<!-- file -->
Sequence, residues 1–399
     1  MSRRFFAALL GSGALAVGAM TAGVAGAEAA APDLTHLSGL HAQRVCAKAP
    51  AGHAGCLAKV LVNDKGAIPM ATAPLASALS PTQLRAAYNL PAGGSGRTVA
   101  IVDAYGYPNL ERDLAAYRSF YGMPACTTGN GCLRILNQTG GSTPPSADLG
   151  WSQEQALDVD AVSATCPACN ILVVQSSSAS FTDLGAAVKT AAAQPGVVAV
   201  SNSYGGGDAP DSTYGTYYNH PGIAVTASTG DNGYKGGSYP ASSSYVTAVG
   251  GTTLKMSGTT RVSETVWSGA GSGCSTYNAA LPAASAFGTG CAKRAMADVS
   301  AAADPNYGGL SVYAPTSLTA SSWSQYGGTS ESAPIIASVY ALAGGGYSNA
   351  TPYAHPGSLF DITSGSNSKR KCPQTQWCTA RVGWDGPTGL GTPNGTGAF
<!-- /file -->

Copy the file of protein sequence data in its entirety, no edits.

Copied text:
Sequence, residues 1–399
     1  MSRRFFAALL GSGALAVGAM TAGVAGAEAA APDLTHLSGL HAQRVCAKAP
    51  AGHAGCLAKV LVNDKGAIPM ATAPLASALS PTQLRAAYNL PAGGSGRTVA
   101  IVDAYGYPNL ERDLAAYRSF YGMPACTTGN GCLRILNQTG GSTPPSADLG
   151  WSQEQALDVD AVSATCPACN ILVVQSSSAS FTDLGAAVKT AAAQPGVVAV
   201  SNSYGGGDAP DSTYGTYYNH PGIAVTASTG DNGYKGGSYP ASSSYVTAVG
   251  GTTLKMSGTT RVSETVWSGA GSGCSTYNAA LPAASAFGTG CAKRAMADVS
   301  AAADPNYGGL SVYAPTSLTA SSWSQYGGTS ESAPIIASVY ALAGGGYSNA
   351  TPYAHPGSLF DITSGSNSKR KCPQTQWCTA RVGWDGPTGL GTPNGTGAF